Oh, well. As I’ve said before, I would rather spend money on things that I value (like private school education for my kids and new tents) even if that means adding a little more time in paying off our student loans.

Anyway, here is where my money went this month:

Not very impressive.

Here’s how that looks when lined up with the other months from this year:

I’ll write again with my Happiness Report in the middle of the month.

Until then,

Penny

Rich Is Preparing To Move. He Enjoys Moving. Wait … He’s Paying HOW MUCH On Rent???

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Hey Pen,

Mrs. R and I are getting ready to move for the 6th time in 9 years of marriage. Even by my transient standards, that’s a lot of moves.

Some people hate moving. I’ve heard of people sticking with a crappy house or boring neighborhood just to avoid moving. The boxes! The packing! Getting everything organized! Changing your life!

True, moving is a lot of work. But I actually enjoy it.

Moving forces me to think about what I want to keep and I can do without. I’m forced to consider what I want my life to look like in terms of location, living space, and culture. In a sense, I’m choosing my destiny. And if I choose poorly, I can just move again. There’s a freedom to it. It can even be exciting.

Here’s the list of our moves:

2008 – East Coast apartment to East Coast apartment: From one apartment to another in order to get DirecTV and the NFL Sunday Ticket (needed a south-facing balcony). Yes, that’s why we moved.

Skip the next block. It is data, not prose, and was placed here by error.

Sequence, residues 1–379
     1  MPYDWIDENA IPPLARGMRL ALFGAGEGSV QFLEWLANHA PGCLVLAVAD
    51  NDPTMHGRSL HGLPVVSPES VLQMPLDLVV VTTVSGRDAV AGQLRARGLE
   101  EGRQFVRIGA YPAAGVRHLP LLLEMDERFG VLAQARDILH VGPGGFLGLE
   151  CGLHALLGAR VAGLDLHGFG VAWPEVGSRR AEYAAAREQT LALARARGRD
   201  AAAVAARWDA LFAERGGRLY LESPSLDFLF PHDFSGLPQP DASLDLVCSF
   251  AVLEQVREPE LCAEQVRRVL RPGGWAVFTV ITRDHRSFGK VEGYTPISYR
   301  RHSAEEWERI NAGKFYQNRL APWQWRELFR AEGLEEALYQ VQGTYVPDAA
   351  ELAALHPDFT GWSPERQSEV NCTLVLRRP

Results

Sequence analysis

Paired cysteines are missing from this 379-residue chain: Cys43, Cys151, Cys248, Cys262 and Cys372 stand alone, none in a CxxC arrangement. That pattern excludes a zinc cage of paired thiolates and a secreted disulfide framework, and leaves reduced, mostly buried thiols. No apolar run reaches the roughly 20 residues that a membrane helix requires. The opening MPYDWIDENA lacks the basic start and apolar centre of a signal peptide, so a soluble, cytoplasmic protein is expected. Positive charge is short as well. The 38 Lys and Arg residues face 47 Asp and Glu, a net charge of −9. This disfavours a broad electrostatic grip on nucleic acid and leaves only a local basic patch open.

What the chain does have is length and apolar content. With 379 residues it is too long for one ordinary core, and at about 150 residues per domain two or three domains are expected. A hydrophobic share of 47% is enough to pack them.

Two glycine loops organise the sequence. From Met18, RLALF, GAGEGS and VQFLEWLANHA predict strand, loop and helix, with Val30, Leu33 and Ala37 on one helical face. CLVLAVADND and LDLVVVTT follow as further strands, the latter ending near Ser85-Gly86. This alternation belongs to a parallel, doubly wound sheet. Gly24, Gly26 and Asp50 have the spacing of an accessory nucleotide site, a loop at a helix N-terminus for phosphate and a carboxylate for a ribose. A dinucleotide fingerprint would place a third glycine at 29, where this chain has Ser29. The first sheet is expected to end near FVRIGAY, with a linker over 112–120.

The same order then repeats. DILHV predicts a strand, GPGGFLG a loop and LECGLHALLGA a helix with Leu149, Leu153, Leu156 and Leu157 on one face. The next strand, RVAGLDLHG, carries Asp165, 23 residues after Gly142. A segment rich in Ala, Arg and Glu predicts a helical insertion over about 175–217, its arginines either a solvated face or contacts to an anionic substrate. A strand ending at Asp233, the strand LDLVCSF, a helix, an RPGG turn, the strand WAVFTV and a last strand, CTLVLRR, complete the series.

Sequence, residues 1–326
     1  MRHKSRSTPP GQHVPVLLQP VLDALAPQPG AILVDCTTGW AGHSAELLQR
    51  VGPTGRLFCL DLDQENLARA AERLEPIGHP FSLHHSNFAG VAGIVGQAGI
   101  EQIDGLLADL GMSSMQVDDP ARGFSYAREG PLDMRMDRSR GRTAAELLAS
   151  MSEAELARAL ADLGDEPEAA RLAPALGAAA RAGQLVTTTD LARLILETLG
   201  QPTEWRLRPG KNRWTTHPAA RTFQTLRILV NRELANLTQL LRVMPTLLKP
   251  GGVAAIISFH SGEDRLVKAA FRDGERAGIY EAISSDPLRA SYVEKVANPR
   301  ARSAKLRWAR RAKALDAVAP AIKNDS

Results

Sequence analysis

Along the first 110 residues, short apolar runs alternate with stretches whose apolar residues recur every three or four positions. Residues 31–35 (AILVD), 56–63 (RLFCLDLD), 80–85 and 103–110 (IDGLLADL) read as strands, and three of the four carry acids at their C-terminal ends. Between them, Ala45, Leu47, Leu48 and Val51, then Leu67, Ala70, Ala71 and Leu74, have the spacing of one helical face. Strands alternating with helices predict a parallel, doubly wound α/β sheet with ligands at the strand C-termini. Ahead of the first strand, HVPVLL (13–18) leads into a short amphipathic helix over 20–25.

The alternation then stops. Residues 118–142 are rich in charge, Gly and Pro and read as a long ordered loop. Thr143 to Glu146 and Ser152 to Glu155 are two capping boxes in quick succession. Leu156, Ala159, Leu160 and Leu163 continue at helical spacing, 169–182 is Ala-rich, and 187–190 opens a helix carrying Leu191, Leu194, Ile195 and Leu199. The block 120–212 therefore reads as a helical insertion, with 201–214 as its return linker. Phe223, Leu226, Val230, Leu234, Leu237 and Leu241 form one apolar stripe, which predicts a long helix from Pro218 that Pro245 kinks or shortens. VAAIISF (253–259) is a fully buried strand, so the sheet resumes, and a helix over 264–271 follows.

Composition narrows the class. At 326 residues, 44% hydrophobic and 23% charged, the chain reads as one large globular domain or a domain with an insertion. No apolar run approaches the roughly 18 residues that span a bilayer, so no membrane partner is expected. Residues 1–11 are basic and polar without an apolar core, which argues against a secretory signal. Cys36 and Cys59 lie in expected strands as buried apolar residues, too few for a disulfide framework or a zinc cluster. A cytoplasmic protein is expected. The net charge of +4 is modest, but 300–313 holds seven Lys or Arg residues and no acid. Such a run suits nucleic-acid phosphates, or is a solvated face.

2009 – East Coast to Denver, CO: Work assignment.

2012 – Denver back to East Coast: Work assignment.

2014 – East Coast rental house to East Coast apartment: We didn’t like our suburban house or our landlords after a tree almost killed me during a storm (long story).

2015 – East Coast apartment to foreign country: Work assignment.

2017 – Foreign country to East Coast apartment: Work assignment.

2020 or so – hopefully moving again!

Much of my financial planning energy right now is going toward the move. I alluded to this in my latest money check. Here’s what we’ll need to do over the next few months, along with cost estimates.

Click on image to enlarge.

Unfortunately, this means I’ll need to put a lot of my savings plans on hold until the end of the year. That’s life. No one should cry for me and I’m not complaining.

I should address the elephant in the room here, which is that rental price of $4,000 per month. How in the world is this reasonable? Well, first let me tell you a little about our area and then I’ll tell you more about our apartment.